There is something interesting in the fact that almost from the dawn of intelligence the child is really interested in science.
Behind the hundred "hows" and "whys" of childhood, the eternal questioning as to why flowers grow, how the fire burns, what makes the thunder, is this almost unconscious yearning for scientific knowledge.
The boy who says he hates science has never had it presented to him in the right way. Science is, after all, a wonderfully important subject, because behind it lies the answer to almost every question in philosophy and life. We do not yet realise how much boys' and girls' development can be stimulated by teaching them science from the beginning. Every child desires to find out, and if the natural instinctive desire to know is met in the right way, we can teach children anything.
How can we best encourage a child to study science?
It requires so little to start him on a scientific quest which will provide an immensity of interest, undreamed of by many grown-up people who have never known what it is to study science. In one drop of pond water is a wonderful mass of animal and vegetable life which can be shown to a child under the microscope. Get for the boy, in the first place, an ordinary glass bottle or test tube, and half fill it with pond water, stirring the mud up a little from the bottom of the pond. Then let him look at this through a lens, which can be bought quite cheaply from any optician's shop.
The lens will not display the crowded germ life which the microscope brings into view at once, but it will show a boy a seething mass of minute animal life of the water-flea order, the minute crustaceans, the insects, the eggs and larvae and puppae which are present in thousands in a spoonful or two of pond water.
An inexpensive lens will reveal the wealth of pond life, and will interest children of all ages in natural science
A home-made pond dredger will be a veritable joy to a child. It consists of a piece of muslin with a hole in the centre, which is fastened round the neck of a wide-mouthed bottle about the size of a small tumbler. Round the outer rim of the circle a circular piece of wire can be fixed, with a twist of wire forming a handle on one side. With this apparatus pond life is within reach of any child. He can catch tadpoles in all their stages, from egg to frog. He can collect animalculae of all kinds and vegetable life for his home aquarium, which ought to be arranged carefully so that it will keep clean indefinitely. First tell the boy to examine what he collects in the bottle through the lens, and he will be surprised at the minute organisms on the sides of the glass which the lens will bring into view.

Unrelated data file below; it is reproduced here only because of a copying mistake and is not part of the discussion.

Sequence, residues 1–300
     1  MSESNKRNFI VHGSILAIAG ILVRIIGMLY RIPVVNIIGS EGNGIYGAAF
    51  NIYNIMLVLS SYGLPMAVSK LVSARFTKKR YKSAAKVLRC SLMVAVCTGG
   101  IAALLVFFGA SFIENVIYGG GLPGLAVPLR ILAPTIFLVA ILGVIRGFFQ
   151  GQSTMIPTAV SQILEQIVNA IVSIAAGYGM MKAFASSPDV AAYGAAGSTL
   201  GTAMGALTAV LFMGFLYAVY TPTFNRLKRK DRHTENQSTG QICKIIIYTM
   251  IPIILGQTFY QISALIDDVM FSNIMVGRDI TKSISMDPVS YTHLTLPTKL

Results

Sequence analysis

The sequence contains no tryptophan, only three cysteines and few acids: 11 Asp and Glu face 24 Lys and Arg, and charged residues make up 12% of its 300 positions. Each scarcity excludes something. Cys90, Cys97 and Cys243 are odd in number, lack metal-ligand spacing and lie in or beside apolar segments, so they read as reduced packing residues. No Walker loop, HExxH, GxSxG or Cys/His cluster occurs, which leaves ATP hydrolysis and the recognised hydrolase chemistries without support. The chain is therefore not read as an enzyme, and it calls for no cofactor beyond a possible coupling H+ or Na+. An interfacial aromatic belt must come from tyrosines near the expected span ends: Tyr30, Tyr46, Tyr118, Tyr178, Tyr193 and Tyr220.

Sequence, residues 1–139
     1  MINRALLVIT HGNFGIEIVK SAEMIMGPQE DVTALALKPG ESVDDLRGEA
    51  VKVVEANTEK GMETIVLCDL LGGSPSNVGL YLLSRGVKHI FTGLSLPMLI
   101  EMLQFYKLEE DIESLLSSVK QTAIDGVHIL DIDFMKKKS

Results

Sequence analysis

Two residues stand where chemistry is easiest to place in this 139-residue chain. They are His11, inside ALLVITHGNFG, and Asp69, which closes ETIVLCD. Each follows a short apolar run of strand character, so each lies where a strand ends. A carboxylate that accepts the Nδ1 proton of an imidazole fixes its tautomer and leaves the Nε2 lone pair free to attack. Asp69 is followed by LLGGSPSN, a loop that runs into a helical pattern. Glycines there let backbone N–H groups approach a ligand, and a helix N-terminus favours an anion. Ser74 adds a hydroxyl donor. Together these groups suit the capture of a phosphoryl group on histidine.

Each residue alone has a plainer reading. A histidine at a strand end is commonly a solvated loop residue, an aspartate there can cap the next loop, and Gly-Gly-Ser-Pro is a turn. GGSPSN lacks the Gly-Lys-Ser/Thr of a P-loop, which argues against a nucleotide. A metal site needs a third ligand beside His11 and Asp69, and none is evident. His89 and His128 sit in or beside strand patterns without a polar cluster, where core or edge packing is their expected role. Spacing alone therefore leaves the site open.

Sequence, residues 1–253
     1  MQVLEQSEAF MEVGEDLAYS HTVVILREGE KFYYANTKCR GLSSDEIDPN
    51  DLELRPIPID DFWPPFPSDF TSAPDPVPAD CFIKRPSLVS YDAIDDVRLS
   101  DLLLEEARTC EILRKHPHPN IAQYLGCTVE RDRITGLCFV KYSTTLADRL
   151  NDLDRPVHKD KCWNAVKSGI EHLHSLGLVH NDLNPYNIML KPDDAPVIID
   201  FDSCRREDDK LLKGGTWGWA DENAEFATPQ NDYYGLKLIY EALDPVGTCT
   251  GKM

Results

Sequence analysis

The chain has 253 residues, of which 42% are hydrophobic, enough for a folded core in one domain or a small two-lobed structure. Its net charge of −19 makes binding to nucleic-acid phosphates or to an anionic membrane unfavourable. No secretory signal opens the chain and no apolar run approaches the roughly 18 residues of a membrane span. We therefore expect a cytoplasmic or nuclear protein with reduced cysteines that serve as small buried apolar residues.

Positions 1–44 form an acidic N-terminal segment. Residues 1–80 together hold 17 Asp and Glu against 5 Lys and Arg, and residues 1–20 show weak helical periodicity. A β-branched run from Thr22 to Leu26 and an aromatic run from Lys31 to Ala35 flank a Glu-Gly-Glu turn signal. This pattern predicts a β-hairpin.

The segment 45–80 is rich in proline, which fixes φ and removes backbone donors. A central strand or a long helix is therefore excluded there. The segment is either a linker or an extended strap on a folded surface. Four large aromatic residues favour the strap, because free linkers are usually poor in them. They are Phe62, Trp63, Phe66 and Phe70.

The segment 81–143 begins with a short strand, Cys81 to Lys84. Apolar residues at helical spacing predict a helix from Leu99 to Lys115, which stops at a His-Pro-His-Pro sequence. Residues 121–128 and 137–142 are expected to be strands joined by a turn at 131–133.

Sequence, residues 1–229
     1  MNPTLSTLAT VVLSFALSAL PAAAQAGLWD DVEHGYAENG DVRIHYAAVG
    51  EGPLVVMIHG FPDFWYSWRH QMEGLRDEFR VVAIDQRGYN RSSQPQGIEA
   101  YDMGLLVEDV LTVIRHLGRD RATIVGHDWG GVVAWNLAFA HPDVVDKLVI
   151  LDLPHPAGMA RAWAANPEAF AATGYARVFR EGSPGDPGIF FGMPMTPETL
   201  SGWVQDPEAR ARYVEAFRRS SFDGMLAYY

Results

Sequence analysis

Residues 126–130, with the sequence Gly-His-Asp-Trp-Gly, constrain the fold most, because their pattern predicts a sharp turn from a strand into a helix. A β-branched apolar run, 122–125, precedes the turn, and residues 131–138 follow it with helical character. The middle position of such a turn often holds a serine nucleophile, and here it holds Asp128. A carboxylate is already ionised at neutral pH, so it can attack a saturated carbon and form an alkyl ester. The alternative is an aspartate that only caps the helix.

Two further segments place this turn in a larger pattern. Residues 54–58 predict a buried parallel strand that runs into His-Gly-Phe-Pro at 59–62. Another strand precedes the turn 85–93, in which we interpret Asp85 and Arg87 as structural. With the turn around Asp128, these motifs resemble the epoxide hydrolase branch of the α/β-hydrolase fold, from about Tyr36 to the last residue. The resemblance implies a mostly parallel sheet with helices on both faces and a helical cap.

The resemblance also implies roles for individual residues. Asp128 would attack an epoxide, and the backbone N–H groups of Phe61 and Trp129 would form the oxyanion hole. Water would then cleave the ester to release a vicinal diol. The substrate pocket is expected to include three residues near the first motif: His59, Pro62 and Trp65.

The contents of the bottle must be arranged to form a little aquarium, composed of vegetable and animal life, which will prove invaluable for purposes of teaching any intelligent child.
First the boy must learn that the muddy water will become brilliant and clear after a time if the collection is in good health - that is, if the vegetable life and the animal life balance each other. The child will soon learn that the beautiful green plants, which are called weeds by the uninitiated, will give off oxygen in the water, which is used up by the animals, who give forth carbonic acid gas, to be utilised in turn for the growth of the plants. Get one of the small books on natural history dealing with pond life, and make the child look at the pictures, and read about the animals he collects in his aquarium.
There is no need to go to any expense in starting an aquarium. A large glass jelly-jar will answer the purpose, placed in the nursery window, to be watched day by day. Children can gradually find out what plants and animals like to be together, and make their aquariums decorative with stones and pebbles. Encourage them to keep notebooks in which they can write about the development of eggs, the metamorphosis of the tadpole, and note the day when the adult frog was devoured by the minnow, because it had ceased to be a water animal, and thus became defenceless in this environment.
Children delight in collecting and classifying all sorts of things, and so long as this collecting does not take the form of destruction, it is a good thing. There is no scientific reason in allowing a child to kill butterflies or take a nest of eggs to add to his collection.
Dredging the pond for subjects for the microscope or aquarium. A home made dredger can be formed of a wide-mouthed bottle, a piece of muslin, and a length of strong wire
It would be far more truly scientific to teach him to watch the mother bird and the habits of the young birds after they are hatched. He should be given a picture book with different insects, butterflies, and birds to read about in order to give him some exact elementary scientific knowledge.
Let him grow his own seeds, and teach him to watch how the shoot and the root grow upwards and downwards from, the seed. Let him grow mustard and cress, collect geological specimens, and classify them according to the different rocks. Answer the child when he asks, "How does it work?" If you do not know the answer yourself, then find out with the aid of children's science books, which are simple enough for the youngest understanding.